Over the past few weeks, we have talked about stewarding our talents and skills, our relationships, our time, and this week we talk about financial resources.
Oftentimes stewardship reminders are heard simply as pleas for people to “give more money.” But my responsibility as your pastor is not to fundraise more dollars. My responsibility is to walk with you as you grow in faith. And (whether you want to hear this or not) how you steward the financial resources God has given you is a pretty good indicator of your (hopefully growing) faith.
God has put each of us into different situations where we have varying financial resources as well as varying responsibilities that demand portions of our financial resources.
Some people are given massive amounts of financial resources and are able to give vast quantities to the church and other non-profit organizations without ever being in any financial danger.
Others (probably most of us) have been blessed financially, but we still have to be careful about the money we spend. We can’t go out to eat for every meal. We can’t be on vacation constantly. We don’t have an infinite amount of resources. We have to be wise with what we’ve been given.
And there are others who are truly struggling financially, who aren’t sure how they are going to pay their bills this month, who can’t fill their gas tanks entirely full and have to hover between quarter and half a tank in perpetuity.
No matter where you land on this spectrum, faithfulness in giving is part of the Christian life. That doesn’t mean that everybody has to give 10% (commonly called tithing) as a hard and fast rule. For a person struggling financially 1% of their income may be too much. Faithfulness in giving might mean starting to give at a dollar a week or five dollars a month. For a person who has been abundantly blessed financially, 10% might not affect them at all. Faithful giving likely means far more than 10% for people in such situations.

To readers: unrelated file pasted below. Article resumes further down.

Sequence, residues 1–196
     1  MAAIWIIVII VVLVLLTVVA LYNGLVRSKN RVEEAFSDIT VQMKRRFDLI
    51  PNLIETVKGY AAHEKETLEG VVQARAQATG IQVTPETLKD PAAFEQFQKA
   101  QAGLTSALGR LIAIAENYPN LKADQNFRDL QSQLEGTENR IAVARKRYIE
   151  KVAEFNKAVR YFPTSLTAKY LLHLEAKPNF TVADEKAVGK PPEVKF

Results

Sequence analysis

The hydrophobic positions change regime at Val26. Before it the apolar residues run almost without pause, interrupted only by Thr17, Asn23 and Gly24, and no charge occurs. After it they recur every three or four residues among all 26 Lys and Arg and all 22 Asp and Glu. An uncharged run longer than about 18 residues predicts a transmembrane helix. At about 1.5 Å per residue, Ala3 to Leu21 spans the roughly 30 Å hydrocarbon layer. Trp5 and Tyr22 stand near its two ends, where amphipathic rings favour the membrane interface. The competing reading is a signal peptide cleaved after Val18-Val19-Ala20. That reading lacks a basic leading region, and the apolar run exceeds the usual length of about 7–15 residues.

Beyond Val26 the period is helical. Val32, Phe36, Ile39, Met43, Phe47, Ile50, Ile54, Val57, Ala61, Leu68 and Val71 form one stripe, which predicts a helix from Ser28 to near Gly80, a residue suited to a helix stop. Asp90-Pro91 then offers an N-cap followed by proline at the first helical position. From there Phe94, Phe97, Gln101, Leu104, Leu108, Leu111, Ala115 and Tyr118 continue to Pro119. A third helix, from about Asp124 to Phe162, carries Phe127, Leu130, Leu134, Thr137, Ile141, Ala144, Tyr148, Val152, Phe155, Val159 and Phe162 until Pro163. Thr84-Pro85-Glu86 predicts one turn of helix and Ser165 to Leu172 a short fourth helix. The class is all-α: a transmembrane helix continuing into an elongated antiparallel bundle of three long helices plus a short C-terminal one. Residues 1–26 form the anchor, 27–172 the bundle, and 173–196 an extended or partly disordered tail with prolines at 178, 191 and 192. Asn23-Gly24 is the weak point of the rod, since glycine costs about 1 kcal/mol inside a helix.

But faithful giving isn’t about dollar amounts or about percentages. Faithful giving is a matter of the heart. It’s about trusting that God will provide, that we can depend on God for our daily bread, that God gives us all that we need to support this body and life.
No matter where you are with giving right now, no matter what the dollar amount is or the percentage is, I want you to prayerfully consider stepping out in faith and increasing that giving. There are many reasons people may ask you to give more, but my reason for asking is for the sake of spiritual health, for the sake of depending less on money and more on God.
C.S. Lewis puts it this way in Mere Christianity:
“I do not believe one can settle how much we ought to give. I am afraid the only safe rule is to give more than we can spare. In other words, if our expenditure on comforts, luxuries, amusements, etc., is up to the standard common among those with the same income as our own, we are probably giving away too little. If our charities do not at all pinch or hamper us, I should say they are too small. There ought to be things we should like to do and cannot do because our charitable expenditure excludes them.”
You might not be ready for that this year. But I hope you’ll step toward that, or at least begin to lean towards it.
God’s blessings on your week.